"Typically, thirty to sixty people will play panpipe songs together during festivals. The melody is shared by the players, who alternate notes on the two separate sets of tubes which comprise a complete panpipes. This technique allows people to conserve their breath playing in the heights of this mountainous country." — Karin Stein

Image of Traditional Latino musical instrumentsAs in many cultures, Latino musical instruments create their sounds from bowing, strumming, striking or rubbing, breathing into or across, or shaking. Indigenous instruments were all wind and percussion, while Europeans brought the strings, which include violins, mandolins, and harps such as the arpa llanera from Colombia and Venezuela, as well as variety of guitars including vihuela, cuatro, guitarra, requinto, bajo sexto, mejoranera, and guitarrón. Percussion sounds come from rattles or shakers made from gourds (maracas, chulus), animal hooves (chaj'chas), or shells; drums (congas, bongos, timbales, bombo) with skins from fabric or animal skins and bodies from wood, clay, or gourds; and instruments like giros, which are ribbed güros played by rubbing a stick over the ribs. Wind instruments include panpipes (siku from bound reeds, bamboo, or canes) and flutes (flauta, quena, tarka) of metal, wood, or molded clay animals. Many of the instruments, originally from other lands, have been adapted and changed to make use of local materials. Like the peoples of Latin America, all of these instruments derive from a variety of cultural backgrounds    TOP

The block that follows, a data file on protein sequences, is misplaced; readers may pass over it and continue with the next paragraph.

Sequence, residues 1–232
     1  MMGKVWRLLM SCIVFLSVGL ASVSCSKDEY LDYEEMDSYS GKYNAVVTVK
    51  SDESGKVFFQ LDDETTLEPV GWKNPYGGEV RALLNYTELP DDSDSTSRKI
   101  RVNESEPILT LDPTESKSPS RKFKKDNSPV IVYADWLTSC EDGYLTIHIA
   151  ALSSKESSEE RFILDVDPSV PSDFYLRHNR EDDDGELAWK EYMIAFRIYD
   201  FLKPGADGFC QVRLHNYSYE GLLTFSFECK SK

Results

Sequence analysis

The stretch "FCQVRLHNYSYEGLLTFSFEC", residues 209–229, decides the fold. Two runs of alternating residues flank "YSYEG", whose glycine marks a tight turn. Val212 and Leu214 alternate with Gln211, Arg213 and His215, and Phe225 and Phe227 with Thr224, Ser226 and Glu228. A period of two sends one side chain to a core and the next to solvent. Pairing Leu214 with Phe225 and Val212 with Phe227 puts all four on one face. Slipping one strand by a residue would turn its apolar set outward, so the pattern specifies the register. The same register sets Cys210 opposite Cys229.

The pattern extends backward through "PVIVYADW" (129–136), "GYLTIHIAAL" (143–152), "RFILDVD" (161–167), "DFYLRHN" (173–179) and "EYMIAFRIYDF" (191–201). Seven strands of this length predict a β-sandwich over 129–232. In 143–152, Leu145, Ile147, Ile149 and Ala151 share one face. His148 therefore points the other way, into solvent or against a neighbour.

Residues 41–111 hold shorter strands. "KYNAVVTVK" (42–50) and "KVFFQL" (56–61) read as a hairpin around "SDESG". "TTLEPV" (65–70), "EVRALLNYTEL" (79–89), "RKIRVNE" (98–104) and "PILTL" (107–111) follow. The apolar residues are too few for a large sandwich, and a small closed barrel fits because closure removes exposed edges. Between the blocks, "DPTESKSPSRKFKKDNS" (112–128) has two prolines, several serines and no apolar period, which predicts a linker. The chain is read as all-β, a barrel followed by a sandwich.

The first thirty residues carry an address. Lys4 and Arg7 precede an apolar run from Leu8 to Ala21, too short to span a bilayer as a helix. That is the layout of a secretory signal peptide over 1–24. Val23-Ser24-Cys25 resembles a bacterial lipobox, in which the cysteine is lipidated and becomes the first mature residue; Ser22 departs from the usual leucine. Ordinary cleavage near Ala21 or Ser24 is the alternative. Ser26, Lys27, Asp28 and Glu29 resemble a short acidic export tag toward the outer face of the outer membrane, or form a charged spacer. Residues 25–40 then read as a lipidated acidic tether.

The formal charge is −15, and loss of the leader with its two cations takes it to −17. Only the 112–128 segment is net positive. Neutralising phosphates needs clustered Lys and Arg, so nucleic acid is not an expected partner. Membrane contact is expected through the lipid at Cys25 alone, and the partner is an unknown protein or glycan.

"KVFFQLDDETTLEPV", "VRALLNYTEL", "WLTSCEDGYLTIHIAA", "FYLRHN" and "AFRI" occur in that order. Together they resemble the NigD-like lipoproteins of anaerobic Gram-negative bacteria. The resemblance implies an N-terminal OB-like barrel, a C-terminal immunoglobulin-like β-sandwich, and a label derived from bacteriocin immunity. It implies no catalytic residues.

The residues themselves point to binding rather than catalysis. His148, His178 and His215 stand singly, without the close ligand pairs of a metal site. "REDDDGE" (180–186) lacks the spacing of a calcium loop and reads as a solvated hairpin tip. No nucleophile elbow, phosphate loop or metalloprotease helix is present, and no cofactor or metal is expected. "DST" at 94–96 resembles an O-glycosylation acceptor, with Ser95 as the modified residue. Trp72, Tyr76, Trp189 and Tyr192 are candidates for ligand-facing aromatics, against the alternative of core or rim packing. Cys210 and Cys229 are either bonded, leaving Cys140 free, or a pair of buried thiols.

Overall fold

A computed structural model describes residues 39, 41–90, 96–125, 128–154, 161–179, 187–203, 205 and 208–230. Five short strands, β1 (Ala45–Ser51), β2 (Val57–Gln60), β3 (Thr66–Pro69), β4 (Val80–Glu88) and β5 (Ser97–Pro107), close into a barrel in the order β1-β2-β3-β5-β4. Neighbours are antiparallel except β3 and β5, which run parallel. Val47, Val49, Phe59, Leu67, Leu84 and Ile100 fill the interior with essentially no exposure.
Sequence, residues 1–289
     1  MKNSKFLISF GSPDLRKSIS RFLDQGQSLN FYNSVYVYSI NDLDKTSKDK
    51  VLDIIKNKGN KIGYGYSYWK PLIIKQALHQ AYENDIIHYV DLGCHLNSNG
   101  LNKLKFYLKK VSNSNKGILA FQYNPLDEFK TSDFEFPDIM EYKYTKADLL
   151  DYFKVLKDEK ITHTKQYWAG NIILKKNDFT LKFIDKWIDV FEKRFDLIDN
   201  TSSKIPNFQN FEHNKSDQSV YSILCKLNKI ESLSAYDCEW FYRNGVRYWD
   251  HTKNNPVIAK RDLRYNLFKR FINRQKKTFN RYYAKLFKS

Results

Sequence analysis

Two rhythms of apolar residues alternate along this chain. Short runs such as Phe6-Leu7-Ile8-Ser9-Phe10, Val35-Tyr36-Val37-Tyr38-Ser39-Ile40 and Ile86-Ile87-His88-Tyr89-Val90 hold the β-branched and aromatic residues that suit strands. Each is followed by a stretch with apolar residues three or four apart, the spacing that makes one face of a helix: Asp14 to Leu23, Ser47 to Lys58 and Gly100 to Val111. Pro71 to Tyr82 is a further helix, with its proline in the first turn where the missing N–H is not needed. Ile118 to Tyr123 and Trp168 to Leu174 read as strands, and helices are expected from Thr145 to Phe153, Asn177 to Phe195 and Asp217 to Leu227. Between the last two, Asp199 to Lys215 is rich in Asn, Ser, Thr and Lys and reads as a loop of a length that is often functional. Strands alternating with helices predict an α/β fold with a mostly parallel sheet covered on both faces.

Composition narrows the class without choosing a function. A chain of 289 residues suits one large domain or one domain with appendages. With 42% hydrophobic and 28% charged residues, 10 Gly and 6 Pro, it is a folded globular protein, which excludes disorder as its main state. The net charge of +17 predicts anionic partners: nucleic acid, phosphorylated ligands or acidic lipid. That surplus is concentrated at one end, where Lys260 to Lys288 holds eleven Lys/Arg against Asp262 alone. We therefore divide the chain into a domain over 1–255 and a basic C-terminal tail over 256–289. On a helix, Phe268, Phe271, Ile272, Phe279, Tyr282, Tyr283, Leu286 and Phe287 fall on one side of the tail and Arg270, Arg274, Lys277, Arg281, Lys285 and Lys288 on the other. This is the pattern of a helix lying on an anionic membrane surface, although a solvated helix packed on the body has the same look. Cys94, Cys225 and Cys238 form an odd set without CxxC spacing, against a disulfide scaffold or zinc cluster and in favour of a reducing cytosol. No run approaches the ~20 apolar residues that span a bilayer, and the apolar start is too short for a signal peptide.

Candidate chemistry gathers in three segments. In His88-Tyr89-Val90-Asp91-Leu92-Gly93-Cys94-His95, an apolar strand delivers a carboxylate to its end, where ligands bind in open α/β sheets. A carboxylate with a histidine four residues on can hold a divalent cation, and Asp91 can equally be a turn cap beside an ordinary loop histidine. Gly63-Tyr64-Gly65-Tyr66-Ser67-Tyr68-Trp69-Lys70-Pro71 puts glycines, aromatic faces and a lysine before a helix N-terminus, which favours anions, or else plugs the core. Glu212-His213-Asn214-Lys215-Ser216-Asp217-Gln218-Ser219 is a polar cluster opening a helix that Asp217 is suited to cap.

Image of Las Guitarras de México of Des MoinesMusical Examples